In an end of the year article in City Journal, Marcus A. Winters celebrates 2011 as “The Year of the Voucher.” After a decade of slow movement on expanding the voucher approach to school choice, Winters reports, suddenly 2011 saw legislatures in 12 states adopt voucher policies or expand existing programs, and the U.S. Congress saved the D.C. voucher program at the last minute. This is good news for many families, especially those with low incomes, but I’d caution against seeing vouchers as the solution to educational shortcomings in the United States.
Vouchers and charter schools are two kinds of market-based approaches to schooling. Vouchers subsidize demand. Their purpose is to increase buying power among consumers of education (families) and give those consumers the power to choose among providers (schools). Charter schools subsidize supply. Their purpose is to increase the range of school types by funding institutions with competing strategies for education, with the idea that the consumers can then choose among many different providers. Both of these market-based approaches represent efforts to break down state monopolies on public schooling. State monopolies, choice advocates argue, have no motivation to provide high quality or varied goods to consumers. Just as the stores in the old Soviet Union were scantily stocked with inferior merchandise, so a monopolistic school system stocks its classrooms with shoddy curricular offerings and mediocre teaching.
The poor in this market perspective suffer the greatest damage because they are most subject to monopoly. Higher-income families can opt out of low-performing schools by moving to other school districts, by enrolling in private or parochial schools, or by home-schooling. In effect, then, our present public school system is a competitive market for those who have sufficient resources, but a monopoly for the disadvantaged.
I cautiously support vouchers (and charters) as ways of improving schooling for some families in some places. But I don’t have as much faith in them as Winters and other choice advocates. This is because, although I do see schools as competitive markets, I think most exponents of school reform of all varieties misunderstand just what kind markets they are. Specifically, voucher and charter advocates tend to describe students at different times as consumers of schooling and as products of schooling. But students (and the families and communities from which they come) are also, very importantly producers of schooling. The quality of a school depends, more than anything else, on the efforts and dedication of the students, who bring their capacity to learn to the school from their families and communities. Each student shares whatever capacity for learning he or she brings to the school with all other students. For this reason, when parents have the opportunity to seek a good school what they really want is a school with highly motivated, well-prepared students who will create a desirable environment for their own children. By giving low-income families choice through vouchers or some other kind of subsidy, we essentially offer ambitious, committed poor families a chance to escape from concentrations of bad students.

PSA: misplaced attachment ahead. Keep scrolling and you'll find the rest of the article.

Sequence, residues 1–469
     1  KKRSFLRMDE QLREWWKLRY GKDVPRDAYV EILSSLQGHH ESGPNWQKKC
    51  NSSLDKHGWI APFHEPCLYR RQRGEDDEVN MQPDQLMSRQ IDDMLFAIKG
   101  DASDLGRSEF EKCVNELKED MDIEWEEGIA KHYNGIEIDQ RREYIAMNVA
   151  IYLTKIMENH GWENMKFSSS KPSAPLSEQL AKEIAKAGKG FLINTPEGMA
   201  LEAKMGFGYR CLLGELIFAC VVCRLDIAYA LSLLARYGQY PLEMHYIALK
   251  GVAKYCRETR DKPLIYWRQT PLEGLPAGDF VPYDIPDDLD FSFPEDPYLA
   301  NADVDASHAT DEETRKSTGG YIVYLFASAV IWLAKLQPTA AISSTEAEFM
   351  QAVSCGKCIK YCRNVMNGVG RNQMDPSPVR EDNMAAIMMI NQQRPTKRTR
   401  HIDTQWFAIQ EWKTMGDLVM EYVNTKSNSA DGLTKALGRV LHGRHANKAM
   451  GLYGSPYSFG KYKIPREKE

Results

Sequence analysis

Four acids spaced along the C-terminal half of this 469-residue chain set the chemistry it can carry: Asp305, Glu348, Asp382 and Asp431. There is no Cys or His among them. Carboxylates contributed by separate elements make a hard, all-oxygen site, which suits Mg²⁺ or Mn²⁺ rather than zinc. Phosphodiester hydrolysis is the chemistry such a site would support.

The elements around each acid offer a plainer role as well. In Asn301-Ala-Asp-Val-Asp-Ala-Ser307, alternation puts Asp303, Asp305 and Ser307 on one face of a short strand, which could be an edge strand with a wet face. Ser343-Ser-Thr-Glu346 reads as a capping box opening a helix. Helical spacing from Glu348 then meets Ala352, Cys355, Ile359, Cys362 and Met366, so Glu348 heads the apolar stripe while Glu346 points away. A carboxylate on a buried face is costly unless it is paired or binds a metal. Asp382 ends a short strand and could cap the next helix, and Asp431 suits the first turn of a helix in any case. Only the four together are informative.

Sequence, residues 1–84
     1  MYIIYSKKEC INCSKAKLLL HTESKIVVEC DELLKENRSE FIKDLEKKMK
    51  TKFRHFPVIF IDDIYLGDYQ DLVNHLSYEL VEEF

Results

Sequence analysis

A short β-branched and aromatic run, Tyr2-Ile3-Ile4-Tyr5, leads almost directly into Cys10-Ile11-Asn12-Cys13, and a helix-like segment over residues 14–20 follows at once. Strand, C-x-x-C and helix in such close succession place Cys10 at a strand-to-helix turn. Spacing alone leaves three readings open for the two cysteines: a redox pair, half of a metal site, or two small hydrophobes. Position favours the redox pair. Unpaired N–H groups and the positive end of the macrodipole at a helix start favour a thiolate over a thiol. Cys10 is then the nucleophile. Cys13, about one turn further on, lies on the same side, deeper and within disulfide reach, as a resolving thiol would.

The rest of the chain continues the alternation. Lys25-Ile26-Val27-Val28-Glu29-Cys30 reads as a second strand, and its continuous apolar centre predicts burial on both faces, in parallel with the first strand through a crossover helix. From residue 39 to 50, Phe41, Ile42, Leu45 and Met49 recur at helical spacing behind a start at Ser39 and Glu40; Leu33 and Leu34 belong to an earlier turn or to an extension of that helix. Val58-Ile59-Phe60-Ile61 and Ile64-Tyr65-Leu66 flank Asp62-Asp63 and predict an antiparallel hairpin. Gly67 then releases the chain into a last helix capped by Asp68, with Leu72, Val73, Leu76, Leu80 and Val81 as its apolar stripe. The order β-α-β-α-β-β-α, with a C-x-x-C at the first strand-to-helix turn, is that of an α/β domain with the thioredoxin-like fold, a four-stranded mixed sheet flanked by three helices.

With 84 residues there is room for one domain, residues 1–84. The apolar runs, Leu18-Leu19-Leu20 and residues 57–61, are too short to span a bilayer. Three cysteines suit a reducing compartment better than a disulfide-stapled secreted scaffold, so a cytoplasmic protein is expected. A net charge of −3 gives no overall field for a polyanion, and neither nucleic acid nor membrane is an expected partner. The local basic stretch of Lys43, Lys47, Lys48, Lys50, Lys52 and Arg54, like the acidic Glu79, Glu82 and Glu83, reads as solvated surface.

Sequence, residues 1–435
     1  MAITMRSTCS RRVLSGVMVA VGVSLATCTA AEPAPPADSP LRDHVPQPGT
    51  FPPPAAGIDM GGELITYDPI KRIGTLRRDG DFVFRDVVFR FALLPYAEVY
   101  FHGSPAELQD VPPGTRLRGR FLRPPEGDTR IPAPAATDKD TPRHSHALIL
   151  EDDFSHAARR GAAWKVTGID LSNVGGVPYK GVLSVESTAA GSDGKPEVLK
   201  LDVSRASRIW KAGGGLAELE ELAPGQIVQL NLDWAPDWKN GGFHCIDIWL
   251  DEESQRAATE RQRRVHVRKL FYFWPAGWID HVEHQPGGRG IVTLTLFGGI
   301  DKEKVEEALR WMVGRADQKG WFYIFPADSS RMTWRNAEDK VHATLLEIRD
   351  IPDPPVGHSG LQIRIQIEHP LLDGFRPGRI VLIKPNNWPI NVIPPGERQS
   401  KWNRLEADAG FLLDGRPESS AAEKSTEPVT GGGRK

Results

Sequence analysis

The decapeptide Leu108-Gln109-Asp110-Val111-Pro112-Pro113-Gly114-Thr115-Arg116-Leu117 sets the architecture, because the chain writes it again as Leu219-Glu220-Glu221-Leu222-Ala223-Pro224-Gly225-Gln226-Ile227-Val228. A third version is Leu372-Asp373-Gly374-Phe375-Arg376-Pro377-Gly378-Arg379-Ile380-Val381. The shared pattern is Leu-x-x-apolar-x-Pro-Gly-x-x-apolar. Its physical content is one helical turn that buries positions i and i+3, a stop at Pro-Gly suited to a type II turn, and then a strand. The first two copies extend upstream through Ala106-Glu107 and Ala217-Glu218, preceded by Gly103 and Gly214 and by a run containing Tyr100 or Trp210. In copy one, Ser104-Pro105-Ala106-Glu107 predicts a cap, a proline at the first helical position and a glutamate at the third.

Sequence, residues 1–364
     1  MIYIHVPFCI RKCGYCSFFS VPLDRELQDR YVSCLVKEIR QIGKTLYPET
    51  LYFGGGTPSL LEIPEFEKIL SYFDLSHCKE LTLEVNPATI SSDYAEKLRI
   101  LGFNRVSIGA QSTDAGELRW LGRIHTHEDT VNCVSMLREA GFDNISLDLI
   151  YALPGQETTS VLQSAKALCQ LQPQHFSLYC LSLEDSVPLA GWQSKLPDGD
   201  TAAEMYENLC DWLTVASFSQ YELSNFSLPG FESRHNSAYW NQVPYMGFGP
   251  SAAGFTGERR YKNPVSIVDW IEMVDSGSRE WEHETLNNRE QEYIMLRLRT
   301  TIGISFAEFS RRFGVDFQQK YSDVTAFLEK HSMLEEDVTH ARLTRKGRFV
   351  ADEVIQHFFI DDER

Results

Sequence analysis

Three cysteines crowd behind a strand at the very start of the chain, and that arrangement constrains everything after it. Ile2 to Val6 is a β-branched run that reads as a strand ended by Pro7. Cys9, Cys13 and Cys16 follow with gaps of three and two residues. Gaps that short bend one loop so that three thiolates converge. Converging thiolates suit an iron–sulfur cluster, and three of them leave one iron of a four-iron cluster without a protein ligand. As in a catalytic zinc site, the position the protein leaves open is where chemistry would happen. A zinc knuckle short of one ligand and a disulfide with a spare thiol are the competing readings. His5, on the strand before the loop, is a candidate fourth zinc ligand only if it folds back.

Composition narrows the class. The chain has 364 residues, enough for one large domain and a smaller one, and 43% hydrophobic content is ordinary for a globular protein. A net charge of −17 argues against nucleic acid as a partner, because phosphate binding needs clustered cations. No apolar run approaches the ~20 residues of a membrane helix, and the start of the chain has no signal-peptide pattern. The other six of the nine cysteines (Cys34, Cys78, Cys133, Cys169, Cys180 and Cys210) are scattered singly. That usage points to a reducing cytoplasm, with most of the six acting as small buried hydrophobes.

Ironically, even market-based subsidies can worsen the problem of education by encouraging misplaced accountability. If we maintain that students don’t learn because their schools are failing them, we are preserving the myth that students succeed or fail because of something that systems or policies give them or don’t give them. By adhering to the illusion that everyone can and will achieve some accepted level of learning if only officialdom gives them the right program, we move responsibility away from the social structures that primarily shape children. It will probably help some people in 2012 if there are voucher programs in more places, and those programs won’t be worse than the present system. But let’s hope in 2012 we can get away from the idea that tinkering with the education industry can enable schools to crank out the right kinds of products.